Tobacco

Shoppers Turn to Beer, Cigarettes During COVID-19 Crisis

As people settled in, two categories emerged as c-store priorities, SOI speaker says
Photograph: Shutterstock

ALEXANDRIA, Va. — While retailers may not be surprised, initial data from Nielsen showed consumers are turning to the convenience-store channel for beer and cigarettes as they settle into their homes under coronavirus shelter-in-place orders, said an associate with the New York-based data-collection firm during the newly released NACS State of the Industry (SOI) Virtual Summit.

Tracking February and March data, Caitlyn Battaglia, associate client director for Nielsen, said mass merchants and wholesale clubs saw an initial surge as consumers stockpiled necessities. But then as shelter-in-place orders took effect, people saw c-stores as a more convenient place to restock their pantries with what they viewed as preferred products. In this “restricted living” environment, beer and many subcategories of tobacco saw significant increases.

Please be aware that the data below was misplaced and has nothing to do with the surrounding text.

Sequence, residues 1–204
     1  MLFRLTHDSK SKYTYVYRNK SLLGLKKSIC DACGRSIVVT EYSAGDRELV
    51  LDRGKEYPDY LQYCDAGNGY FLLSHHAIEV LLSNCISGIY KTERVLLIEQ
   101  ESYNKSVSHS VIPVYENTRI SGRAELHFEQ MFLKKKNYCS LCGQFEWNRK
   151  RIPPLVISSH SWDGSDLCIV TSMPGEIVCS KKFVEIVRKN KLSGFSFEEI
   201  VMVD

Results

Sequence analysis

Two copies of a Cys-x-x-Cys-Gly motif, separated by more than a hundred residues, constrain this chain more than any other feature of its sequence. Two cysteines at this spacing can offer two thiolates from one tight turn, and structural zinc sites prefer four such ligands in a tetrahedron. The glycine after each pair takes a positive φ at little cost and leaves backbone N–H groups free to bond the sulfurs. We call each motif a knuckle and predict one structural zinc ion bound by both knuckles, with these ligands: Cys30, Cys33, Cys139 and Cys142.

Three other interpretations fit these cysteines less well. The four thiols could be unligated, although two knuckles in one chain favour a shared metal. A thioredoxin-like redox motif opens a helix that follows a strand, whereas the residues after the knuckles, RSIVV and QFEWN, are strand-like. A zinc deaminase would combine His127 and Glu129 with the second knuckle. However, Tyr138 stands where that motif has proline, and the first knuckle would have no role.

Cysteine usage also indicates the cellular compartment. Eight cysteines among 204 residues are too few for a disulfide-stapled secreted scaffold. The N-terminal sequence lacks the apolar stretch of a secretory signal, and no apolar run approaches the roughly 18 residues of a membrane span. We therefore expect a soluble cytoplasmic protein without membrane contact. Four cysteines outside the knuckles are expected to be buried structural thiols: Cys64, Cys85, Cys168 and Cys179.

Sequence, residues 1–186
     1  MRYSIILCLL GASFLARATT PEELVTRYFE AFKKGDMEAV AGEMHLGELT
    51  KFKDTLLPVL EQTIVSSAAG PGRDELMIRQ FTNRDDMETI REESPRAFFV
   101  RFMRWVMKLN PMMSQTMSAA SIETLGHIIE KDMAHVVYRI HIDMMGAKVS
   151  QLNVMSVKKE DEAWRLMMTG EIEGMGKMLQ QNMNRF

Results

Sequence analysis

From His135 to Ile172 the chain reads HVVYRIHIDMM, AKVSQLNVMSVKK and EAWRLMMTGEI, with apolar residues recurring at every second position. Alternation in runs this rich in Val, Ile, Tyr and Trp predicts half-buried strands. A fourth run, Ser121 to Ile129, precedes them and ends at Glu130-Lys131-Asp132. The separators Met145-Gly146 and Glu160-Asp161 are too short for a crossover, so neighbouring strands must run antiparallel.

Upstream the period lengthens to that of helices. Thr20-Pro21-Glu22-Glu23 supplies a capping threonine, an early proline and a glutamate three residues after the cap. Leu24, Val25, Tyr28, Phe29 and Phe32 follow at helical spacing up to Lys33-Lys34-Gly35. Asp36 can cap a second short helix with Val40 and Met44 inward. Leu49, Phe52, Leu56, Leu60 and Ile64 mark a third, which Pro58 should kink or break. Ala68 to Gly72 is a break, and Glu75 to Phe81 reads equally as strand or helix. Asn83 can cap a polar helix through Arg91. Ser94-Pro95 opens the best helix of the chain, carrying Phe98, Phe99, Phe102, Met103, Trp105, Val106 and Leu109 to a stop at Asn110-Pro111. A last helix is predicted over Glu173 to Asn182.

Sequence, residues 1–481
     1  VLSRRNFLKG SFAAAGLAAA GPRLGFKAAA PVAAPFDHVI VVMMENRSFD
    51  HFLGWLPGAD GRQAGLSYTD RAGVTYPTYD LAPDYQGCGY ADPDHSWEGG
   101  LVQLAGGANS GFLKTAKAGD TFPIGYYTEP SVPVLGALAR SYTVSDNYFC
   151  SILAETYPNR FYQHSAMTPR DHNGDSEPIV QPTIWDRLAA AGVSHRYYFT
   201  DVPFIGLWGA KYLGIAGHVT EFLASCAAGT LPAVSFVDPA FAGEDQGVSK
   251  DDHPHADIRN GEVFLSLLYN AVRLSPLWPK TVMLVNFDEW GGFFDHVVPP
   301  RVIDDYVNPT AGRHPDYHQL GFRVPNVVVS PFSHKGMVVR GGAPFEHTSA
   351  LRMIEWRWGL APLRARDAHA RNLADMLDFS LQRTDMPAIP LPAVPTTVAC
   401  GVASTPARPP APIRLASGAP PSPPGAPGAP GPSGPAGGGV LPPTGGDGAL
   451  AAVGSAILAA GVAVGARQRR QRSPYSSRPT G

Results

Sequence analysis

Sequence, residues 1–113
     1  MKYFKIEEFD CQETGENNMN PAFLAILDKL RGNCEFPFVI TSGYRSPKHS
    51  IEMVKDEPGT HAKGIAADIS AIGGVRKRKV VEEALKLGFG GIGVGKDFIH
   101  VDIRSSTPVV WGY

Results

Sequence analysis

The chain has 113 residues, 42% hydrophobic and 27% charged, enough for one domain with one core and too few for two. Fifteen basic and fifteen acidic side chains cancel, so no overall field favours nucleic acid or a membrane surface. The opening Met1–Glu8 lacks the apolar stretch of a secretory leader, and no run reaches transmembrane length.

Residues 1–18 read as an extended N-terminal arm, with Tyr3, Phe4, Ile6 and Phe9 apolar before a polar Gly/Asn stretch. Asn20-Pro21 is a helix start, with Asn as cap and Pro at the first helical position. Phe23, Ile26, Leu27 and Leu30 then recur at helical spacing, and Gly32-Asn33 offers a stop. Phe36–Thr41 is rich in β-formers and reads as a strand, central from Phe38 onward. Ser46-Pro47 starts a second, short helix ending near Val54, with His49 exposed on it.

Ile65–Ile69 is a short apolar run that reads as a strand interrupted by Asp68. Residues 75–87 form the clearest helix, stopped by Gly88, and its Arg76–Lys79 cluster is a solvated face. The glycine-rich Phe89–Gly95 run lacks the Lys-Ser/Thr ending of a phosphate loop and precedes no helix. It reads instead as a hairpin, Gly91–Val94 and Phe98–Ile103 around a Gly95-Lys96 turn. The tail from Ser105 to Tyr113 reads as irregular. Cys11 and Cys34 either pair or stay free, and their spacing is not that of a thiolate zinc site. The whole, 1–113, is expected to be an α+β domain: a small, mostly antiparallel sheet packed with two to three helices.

The quantified dollar difference for premium beer between the initial onset of shelter-in-place orders and when restricted living took place was $78 million for premium beer and $77 million for imported beer.

“As we go deeper into restricted living, you see with beer and packaged beverages, pack size becomes more important as the prepared pantry dwindles and people are looking to convenience for fill-in trips to cover some of the holes that they have,” Battaglia said.

Similarly for premium cigarettes, the dollar difference before and after customers settled into their homes was $97 million. For smokeless products the difference was $35 million and for e-cigarettes it was $31 million, she said.

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